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On a related point, is there any hope anytime soon for a return of good classical music to the DC area? Since WETA became all yack all the time (even with a call-in show, the final degradation!!), and WGMS continues to broadcast only top-40 hits ("all Pachalbel all the time") on a bad signal with inane advertising, DC has got to be the only major metropolitian area in the country with no classical music to speak of. San Antonio, Baltimore, San Diego, Atlanta, and St Louis still have classical noncommercial radio that seems to be thriving. I simply can't believe that people want to listen to non-stop news and 'talk' all day long!

Posted by: Phil | November 14, 2006 1:34 PM

Do either of these stations have internet radio capabilities? Something along the lines of I would think that that would drive interest if people could listen at work or at home. If they like what they hear they would be more inclined to purchase a unit so they could listen in their car.

Posted by: Chris | November 14, 2006 2:56 PM

WTMD is great! I dated a woman in Baltimore and didn't mind driving up that way since I could listen to WTMD (and WRNR... the place where the REAL 'HFS went). This is the kind of thing that will get me interested in HD radio.

I also listen to WOXY (and SOMA and my own college station, WCWM) at work on line. What I'd like to be able to do is listen to these online stations on my car radio.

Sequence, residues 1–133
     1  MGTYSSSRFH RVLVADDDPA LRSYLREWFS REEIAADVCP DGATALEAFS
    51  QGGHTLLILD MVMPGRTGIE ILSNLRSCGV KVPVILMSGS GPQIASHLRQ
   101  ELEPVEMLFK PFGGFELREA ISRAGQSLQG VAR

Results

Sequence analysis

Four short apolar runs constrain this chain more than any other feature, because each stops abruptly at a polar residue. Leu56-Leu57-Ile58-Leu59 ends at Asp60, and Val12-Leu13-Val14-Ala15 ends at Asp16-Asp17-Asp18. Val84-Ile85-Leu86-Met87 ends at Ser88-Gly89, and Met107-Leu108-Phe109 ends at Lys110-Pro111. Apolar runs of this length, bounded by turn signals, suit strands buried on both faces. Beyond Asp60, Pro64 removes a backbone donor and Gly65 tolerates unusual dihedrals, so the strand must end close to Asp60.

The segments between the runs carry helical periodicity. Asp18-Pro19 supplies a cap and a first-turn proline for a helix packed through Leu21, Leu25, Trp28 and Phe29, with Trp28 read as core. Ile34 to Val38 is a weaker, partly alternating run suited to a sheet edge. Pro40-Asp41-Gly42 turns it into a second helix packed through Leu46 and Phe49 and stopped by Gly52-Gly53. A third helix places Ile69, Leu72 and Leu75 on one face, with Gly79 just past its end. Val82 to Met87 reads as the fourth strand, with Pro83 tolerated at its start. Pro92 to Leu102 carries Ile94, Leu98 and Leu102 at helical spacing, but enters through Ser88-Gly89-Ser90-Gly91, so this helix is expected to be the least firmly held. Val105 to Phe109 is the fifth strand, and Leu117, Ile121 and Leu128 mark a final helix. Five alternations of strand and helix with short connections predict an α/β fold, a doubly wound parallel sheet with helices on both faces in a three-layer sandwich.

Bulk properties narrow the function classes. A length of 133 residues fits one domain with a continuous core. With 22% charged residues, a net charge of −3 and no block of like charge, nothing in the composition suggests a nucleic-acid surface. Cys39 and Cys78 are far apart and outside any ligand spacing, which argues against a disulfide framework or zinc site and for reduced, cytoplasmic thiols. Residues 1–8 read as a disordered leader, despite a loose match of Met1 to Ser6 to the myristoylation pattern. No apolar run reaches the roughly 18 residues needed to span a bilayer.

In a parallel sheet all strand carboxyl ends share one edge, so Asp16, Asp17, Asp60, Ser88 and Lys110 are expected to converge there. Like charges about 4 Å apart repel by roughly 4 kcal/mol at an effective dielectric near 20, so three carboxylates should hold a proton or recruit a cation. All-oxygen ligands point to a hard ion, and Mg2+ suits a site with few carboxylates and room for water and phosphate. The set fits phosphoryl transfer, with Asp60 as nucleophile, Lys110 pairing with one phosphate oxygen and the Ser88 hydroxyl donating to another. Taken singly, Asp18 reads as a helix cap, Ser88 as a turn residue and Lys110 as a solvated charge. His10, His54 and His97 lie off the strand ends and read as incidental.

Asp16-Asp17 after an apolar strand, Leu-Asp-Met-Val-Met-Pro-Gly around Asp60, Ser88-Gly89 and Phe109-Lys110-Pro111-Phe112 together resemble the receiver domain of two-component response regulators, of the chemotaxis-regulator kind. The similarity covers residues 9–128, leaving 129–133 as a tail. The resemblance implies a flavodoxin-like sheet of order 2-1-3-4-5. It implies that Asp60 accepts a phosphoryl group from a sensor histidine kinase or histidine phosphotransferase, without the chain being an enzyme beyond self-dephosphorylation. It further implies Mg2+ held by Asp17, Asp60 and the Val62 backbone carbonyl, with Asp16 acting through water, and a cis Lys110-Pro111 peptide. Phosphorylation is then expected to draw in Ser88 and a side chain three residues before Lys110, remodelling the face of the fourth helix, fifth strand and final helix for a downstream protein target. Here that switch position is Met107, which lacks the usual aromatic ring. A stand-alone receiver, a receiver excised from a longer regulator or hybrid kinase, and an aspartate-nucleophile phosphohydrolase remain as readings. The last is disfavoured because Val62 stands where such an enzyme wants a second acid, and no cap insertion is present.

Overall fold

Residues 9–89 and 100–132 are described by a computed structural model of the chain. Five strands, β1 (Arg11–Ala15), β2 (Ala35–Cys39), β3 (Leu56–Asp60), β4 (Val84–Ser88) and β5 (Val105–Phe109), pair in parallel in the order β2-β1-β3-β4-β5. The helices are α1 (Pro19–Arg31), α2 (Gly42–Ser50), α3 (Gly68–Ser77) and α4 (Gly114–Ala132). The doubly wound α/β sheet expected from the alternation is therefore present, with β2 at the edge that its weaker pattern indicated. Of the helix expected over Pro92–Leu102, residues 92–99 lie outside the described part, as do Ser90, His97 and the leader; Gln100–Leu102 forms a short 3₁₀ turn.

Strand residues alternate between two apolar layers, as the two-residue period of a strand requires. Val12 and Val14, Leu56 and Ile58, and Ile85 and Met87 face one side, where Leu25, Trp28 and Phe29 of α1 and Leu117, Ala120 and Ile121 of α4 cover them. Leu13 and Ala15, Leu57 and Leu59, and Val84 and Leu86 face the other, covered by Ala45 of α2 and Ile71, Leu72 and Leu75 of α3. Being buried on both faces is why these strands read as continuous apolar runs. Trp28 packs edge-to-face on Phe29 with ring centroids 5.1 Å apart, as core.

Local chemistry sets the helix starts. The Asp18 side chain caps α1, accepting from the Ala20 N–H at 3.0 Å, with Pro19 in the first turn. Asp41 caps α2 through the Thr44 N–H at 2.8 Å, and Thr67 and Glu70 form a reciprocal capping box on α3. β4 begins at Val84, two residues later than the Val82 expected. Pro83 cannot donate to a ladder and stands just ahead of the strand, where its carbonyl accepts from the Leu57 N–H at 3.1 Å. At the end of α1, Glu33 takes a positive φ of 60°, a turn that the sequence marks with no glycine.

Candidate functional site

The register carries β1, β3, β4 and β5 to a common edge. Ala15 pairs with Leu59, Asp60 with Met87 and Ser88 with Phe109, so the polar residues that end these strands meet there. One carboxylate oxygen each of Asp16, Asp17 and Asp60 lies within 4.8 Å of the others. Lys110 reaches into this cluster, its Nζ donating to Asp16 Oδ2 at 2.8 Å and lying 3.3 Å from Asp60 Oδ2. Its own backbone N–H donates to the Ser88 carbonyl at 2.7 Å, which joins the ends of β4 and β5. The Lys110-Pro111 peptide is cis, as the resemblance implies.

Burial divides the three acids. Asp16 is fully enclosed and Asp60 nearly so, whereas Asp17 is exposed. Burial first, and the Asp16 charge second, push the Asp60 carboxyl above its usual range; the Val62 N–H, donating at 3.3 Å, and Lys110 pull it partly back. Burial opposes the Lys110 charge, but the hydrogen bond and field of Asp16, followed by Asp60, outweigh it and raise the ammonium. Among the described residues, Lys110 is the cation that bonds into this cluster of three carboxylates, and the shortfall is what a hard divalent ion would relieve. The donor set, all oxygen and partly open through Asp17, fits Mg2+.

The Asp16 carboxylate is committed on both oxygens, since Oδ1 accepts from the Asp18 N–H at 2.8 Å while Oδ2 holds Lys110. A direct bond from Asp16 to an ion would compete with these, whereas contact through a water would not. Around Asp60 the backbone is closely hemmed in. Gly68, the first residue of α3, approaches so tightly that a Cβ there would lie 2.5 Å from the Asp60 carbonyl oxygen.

Posted by: Tom | November 14, 2006 3:01 PM

But hey, if you live in Columbia and work in Bowie, you get to switch from TMD to RNR, back and forth. Who needs sat radio or HD? I haven't listened to WAMU since they gave Lee Michael Dempsey the shaft, anyway; at least some of the "alternative" music community must feel the same way.

Posted by: dynagirl | November 14, 2006 3:38 PM

Internet radio is the way to go if you're stationary. Podcasts otherwise. There's a lot of free media out there.

Posted by: mark | November 14, 2006 3:44 PM

Fans of acoustic rock, folk and blues in the Washington area have been bereft of a home on the FM band long before HFS became El Sol.

Posted by: BF | November 14, 2006 3:49 PM

My son (19) laments the fact that the only station left that plays "his" music (we live in Gaithersburg) is DC101. I keep telling him that HD Radio is going to be his salvation. This is vindication of that theory.

Posted by: music fan | November 14, 2006 5:18 PM

Cool - maybe a new TV network will pop up next, showing re-runs of Fox and UPN shows, but only in High Defnition. Broadcast media are just full of brilliant ideas these days.

Posted by: YAWN! | November 14, 2006 6:26 PM

There are some stations that have potential to be good but like the first poster stated, there is too much talking throughout the broadcast. I like classic rock and 106.9 plays pretty good classic rock, but the morning dj is somewhat of a blowhard that is too liberal with his opinions of everything. I would rather just listen to cds.

Posted by: opinions are like.. | November 14, 2006 8:21 PM

Ok, so does that mean WETA is going to start a second channel to play classical music? No. Because they're jerks.

Posted by: h3 | November 15, 2006 10:08 AM


WTMD streams online at using WMA and Real Player. WAMU-Ch2 streams at using MP3, WMA and Real Player.

Wish WRNR streamed; they used to, but ditched sometime after the voice-over actors started their fight to get paid for ads played over the web in addition to over the air.

WXPN is also exceptional -

Posted by: Pete | November 16, 2006 11:33 AM